However, this happy ending needs to be built upon quality procedures to create the Functional Specs.
How to write Functional Specs?
- Do the research to define the product.
This stage is what most UX researchers are familiar with. At the early stage of product development, researches are needed to generate a clearer definition of the product. I view this early-stage research system as a bi-directional system: top-down research approach and bottom-up research approach.
By top-down approach, I mean conducting comprehensive analysis on precedent similar products to (1) avoid reinventing the wheel; (2) get a quick understanding of the product through a short cut.
Bottom-up approach, on the other hand, requires more time and efforts to learn the target users as well as communicating with clients to define the product. User-centered design methods such as ethnographic study, contextual inquiry, interview & focus groups, and task analysis can be used to this end.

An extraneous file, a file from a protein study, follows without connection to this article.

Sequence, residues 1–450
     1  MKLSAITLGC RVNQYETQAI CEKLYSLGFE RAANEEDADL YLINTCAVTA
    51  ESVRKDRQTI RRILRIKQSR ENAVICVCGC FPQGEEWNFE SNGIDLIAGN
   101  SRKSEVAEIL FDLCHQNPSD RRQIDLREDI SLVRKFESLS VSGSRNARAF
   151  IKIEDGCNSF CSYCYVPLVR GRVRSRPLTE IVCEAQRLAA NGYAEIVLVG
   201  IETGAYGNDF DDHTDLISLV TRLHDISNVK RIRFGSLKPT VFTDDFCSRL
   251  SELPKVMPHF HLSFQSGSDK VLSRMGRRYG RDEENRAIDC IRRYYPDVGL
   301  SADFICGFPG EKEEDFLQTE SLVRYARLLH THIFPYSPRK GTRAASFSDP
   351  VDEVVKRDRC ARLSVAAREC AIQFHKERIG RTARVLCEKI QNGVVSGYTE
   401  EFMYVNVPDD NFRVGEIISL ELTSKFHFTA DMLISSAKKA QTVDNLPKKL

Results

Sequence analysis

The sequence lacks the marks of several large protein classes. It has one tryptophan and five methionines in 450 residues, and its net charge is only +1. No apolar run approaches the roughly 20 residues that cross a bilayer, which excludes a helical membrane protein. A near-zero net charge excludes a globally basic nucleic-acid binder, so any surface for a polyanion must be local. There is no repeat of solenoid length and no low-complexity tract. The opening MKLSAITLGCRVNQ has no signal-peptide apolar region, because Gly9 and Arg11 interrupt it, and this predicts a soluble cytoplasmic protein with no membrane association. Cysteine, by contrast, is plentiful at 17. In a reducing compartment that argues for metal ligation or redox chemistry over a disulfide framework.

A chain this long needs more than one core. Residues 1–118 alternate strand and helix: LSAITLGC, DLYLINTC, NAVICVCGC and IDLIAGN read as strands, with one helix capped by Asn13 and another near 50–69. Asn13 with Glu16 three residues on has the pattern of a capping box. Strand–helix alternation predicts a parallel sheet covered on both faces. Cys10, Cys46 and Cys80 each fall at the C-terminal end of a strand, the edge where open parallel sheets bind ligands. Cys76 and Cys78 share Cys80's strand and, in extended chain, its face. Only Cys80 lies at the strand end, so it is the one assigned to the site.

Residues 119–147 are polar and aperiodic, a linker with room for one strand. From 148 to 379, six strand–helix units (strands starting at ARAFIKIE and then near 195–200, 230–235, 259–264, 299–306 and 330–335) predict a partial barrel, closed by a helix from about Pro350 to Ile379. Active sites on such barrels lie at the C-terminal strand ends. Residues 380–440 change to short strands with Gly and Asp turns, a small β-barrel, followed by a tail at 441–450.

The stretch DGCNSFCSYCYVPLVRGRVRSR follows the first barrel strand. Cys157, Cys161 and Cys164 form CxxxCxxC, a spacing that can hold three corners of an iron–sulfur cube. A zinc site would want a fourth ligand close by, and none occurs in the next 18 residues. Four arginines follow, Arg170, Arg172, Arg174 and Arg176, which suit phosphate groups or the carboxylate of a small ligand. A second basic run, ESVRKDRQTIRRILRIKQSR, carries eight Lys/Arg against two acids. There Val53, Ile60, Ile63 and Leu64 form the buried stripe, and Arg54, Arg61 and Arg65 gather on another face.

- Create the designer model / represented model.
After gathering and analyzing all the data, models can be used to represent research findings. As pointed out by Allan Cooper in About Face 3 (a must-read for UX designer/researcher), there will be 3 models in a product: users’ mental model, represented model (or designer model), and implemented model (or programmer model).
Users’ metal model represents what users see and understand in front of a product – a perceived product. This can be studied and represented as persona and persona-based scenarios.
Implemented model or programmer model is the actual mechanism that runs the product, mostly only understood by programmers.
The huge gap between users’ mental model and implemented model is bridged by represented model (designer model). It is through this represented/designer model that users interact with the product. Thus, Cooper pointed out that a good design is having a represented model as close to users’ mental model as possible.